When you are finished, peel the freezer paper template from your project. If you are careful not to tear it, you can reuse this template several times.

Look, beautiful, straight, and even buttonholes! (…though, I wouldn’t suggest using white thread on read fabric)

While this tutorial demonstrates how to make a template for simple vertical buttonholes, the concept can also be used for horizontal and arbitrarily placed buttonholes as well. Instead of cutting a strip the same width as your buttonhole foot, cut a wider strip or template that will accommodate the buttonhole placement and draw guidelines on the freezer paper for your buttonhole foot.

 Thanks, Shari! This is a fantastic resource!

Applying this method can help you approach sewing patterns with functioning buttons with confidence! Be sure to check out our Buttons and Bows Collection to see more patterns where you can apply your new buttonhole skills!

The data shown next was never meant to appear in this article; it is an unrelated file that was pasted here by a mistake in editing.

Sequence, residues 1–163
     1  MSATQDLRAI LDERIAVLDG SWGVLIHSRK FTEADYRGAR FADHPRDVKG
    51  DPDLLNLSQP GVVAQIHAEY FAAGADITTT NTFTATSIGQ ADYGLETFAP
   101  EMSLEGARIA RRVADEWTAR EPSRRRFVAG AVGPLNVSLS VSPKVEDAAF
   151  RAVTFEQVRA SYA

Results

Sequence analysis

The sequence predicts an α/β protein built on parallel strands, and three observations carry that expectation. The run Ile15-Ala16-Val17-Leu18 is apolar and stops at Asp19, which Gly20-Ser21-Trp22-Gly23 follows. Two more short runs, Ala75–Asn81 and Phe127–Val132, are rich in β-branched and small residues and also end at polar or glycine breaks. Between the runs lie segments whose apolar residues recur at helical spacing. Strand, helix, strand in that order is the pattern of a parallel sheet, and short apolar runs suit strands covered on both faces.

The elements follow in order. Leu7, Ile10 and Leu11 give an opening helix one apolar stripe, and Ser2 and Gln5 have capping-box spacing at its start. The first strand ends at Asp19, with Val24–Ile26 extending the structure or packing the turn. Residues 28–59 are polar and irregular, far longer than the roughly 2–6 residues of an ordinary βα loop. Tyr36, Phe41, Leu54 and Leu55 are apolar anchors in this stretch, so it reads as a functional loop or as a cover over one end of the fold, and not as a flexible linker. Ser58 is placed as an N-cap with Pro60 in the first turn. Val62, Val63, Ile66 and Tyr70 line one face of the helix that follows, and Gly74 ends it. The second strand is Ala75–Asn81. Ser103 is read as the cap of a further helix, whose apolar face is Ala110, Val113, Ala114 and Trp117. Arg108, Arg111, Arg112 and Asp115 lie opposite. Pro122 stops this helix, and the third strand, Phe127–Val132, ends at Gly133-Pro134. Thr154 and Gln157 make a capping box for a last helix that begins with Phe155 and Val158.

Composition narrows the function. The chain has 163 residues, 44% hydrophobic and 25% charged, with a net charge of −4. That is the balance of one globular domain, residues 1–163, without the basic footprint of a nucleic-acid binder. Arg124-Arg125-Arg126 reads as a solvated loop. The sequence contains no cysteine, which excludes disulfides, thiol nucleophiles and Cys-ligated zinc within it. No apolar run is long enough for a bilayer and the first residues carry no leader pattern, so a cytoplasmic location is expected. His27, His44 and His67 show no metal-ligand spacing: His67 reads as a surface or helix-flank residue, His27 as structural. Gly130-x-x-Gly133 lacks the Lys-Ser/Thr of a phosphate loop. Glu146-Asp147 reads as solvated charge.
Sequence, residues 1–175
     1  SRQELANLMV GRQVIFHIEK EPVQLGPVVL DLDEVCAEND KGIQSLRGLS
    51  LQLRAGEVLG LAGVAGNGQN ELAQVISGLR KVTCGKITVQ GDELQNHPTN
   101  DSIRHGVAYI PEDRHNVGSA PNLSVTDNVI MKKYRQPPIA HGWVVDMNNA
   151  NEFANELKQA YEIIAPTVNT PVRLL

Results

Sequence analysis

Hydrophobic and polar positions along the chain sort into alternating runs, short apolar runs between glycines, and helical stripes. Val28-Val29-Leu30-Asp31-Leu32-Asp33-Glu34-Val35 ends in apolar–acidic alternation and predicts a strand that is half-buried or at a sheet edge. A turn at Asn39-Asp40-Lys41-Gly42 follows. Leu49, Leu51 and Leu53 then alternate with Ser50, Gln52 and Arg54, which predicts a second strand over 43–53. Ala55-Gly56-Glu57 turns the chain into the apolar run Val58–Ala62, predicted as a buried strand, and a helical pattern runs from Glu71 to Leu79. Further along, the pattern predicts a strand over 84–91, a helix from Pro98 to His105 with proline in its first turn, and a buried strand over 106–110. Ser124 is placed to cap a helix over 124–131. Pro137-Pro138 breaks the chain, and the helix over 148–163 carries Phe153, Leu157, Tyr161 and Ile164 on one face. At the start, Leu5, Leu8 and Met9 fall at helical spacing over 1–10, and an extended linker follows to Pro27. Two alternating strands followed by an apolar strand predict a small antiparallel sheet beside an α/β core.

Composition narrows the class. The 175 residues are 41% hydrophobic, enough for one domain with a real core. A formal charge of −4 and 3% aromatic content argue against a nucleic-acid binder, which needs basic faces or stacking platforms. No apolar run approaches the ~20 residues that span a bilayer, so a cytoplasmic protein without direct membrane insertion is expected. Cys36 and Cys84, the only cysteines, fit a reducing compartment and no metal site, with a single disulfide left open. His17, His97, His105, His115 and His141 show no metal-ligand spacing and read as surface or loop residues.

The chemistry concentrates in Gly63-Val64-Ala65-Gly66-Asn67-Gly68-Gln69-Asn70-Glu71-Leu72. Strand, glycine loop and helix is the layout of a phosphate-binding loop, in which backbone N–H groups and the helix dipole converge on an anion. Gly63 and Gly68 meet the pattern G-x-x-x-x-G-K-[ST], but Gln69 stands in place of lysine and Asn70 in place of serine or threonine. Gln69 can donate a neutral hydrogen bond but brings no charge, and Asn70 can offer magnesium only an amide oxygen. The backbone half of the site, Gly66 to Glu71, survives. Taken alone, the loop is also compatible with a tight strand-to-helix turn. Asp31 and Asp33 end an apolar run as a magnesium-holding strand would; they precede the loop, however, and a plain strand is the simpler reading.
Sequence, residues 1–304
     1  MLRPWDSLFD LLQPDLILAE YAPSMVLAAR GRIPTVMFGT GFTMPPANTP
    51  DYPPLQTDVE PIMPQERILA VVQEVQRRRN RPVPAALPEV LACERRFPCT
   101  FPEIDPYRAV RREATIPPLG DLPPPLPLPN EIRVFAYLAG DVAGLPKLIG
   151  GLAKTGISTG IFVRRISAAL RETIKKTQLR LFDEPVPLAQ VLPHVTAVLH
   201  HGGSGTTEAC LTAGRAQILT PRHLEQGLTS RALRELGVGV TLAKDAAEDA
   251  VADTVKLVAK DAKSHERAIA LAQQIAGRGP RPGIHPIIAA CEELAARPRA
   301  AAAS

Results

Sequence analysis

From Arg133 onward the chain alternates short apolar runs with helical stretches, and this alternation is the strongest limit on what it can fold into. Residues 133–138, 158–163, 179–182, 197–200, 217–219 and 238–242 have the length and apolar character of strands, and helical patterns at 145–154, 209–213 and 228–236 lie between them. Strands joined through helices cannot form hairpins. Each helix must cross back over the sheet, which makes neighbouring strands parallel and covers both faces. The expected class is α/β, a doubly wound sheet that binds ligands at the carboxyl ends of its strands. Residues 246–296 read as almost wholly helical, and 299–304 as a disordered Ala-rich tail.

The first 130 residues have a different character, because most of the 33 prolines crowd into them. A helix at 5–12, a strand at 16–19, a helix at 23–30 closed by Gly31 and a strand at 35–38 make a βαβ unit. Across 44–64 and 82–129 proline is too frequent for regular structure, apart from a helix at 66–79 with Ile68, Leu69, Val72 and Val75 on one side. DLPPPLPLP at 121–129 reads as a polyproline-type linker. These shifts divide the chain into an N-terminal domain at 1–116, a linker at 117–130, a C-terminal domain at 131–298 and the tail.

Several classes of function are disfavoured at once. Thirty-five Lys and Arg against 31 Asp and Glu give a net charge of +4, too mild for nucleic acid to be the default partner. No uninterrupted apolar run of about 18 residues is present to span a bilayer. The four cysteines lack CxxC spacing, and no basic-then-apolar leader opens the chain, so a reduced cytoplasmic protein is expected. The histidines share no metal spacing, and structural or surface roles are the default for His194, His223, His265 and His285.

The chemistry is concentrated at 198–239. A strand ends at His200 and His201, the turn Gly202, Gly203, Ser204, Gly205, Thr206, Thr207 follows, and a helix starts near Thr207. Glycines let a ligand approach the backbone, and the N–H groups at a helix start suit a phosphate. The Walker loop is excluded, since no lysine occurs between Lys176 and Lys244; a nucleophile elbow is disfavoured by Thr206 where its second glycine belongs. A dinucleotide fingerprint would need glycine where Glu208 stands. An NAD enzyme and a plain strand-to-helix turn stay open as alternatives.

PDF Sewing Pattern George Washington's Uniform For 18-inch dolls PDF Sewing Pattern Button Up shirt For 18-inch dolls PDF Sewing Pattern Annie Ruffle Dress For18-inch dolls

Sewing Easy Machine Buttonholes Using the Freezer Paper Method

ENTER TO WIN A $50 Pixie Faire Gift Card!

To enter this week's contest, simply click the link below and then enter through the giveaway widget at the bottom of the blog post, there are many things you can do to earn multiple entry points!